It was fantastic the way the sun showed all their flaws, the neighborhood women out in the light like something exposed. Standing around picnic tables like witches at a cauldron, dipping chips into batter that smelled like onions and eggs, drinking iced tea while men drank beer out of sweating cans, women in long fingernails, clickering along the edge of the bowl, feeling around for a napkin while they chattered with bits of chips and celery etched around their mouths. I didn't know their names, had never seen most of them. But I knew their men. I'd seen them looking. I walked Benny during the evening when the men took the kids to the playgrounds. I put Ben on my hip and set out walking as the sidewalk blued into night and the houses began to glow orange and yellow against the darkness.
Somehow that afternoon we ended up at the barbeque. A flier had gone around and Mike thought it might be nice to socialize. Benny was almost two and I had just learned I was pregnant with another. Mike pushed Ben on the swing. I could hear his little cackle as he hit the high points, his ahs as he rolled through in forward motion. His blonde hair looked almost red in the sun, I remembered. I never saw that red again. I never looked.
Mike pushed him higher and they were completely absorbed, completely gone. A solid unit of two small cackling men.
"Can you watch Joanna just a moment?" some woman asked, thrusting her child in to my arms. "I have to run home for something and she just gets in to everything. The terrible twos turned into the dreadful threes."
She smiled and I tried to place her, if I knew her, where I knew her from. If we'd ever had a conversation before I could not recall it. And here I was, the sticky of her child, sweet washing over me. I thought of the woman in terms of husband as she walked away, tried to picture her with a man.
I stood halfway between the swing set where Mike and Benny and three or four other children played, stood halfway between them and the rest of the party. Women in cotton dresses laughing as they fingered food, men sweating into polyester shirts with collars splayed like wings. I leaned against a tree, feeling the child's weight pulling down on me, her fat legs cradling the new baby lodged inside me.
"You're heavier than you look," I said into the top of her curlydark hair. She smelled like lemons; her skin felt like a licked lollipop against my skin.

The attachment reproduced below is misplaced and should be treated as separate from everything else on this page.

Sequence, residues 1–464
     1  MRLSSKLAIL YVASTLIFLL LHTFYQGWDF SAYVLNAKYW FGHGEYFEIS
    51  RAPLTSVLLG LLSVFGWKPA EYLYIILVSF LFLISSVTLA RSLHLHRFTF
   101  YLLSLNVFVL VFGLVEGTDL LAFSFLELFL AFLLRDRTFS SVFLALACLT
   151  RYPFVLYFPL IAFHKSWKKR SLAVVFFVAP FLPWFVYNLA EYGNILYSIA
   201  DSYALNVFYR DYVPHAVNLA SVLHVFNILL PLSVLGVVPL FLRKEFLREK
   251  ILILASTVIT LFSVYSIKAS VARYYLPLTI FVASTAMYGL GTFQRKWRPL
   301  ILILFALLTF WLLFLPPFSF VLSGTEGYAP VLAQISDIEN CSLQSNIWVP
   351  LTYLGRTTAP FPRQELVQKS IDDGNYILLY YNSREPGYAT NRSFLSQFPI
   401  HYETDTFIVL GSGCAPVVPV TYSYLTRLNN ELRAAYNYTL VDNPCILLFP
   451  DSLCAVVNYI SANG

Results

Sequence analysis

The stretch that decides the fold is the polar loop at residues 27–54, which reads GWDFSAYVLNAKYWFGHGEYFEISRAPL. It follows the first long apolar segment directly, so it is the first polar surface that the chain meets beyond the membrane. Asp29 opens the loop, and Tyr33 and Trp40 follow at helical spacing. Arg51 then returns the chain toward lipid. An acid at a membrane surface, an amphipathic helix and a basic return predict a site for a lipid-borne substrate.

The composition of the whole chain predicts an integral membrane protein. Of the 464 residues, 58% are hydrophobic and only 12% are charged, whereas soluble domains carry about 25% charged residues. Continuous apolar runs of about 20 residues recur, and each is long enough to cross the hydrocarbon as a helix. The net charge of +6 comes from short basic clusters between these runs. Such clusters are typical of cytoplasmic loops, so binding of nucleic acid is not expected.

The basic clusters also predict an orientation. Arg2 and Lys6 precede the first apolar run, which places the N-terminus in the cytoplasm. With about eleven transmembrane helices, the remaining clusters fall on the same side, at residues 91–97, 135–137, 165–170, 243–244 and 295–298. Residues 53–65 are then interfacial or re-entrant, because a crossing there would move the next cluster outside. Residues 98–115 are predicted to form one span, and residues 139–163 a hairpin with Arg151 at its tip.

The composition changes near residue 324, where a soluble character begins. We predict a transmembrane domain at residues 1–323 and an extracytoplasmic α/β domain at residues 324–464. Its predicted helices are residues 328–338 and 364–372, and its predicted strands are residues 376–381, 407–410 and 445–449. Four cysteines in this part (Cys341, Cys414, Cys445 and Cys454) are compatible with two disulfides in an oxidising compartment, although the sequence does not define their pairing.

"Which one is your father?" I asked her.
"Pancake," the girl said, clapping her hands then pulling on her hair.
"Daddy," I said. "Dada. Which one is he, sweetheart?"
The girl made a sound like an engine starting and kicked her legs. I leaned forward, pushing my back against the tree to leverage myself. The girl kicked again and I dropped her. I heard Benny ah-ing in the air, Mike laughing loud out at the world the way he did when he was sure he owned it. I heard men sizzling steaks and drinking beer. I heard the women speaking, but could not make sense of anything they said. I heard a train somewhere far off moving out of town. Leaves blowing sounded like water on sand. Someone talked loudly, setting off a chorus of shouts in return. And the little girl fell.
I did not try to catch her. I didn't know I should. Her leg turned as she fell. Her curlyblack head hit twice on a thick exposed root.
She looked shocked for half a minute. Then she began to cry.
I imagined men and women rushing in to take her. To whisk the girl and Mike and Benny away. But no one noticed.
After a few good wails a couple of women looked our way. I set the girl on her feet, felt the back of her head at the lump growing there. I set her on her feet and she took off running, crying, weaving back and forth as she ran as though she too were trying to dodge a bullet. I did not see her mother. Another woman turned and stared, started toward the child.
"Mike," I called out to my husband, "let's go home." He reached a hand out, slowed the swing, bringing Ben back to earth, and I held Mike's hand as he led me there.
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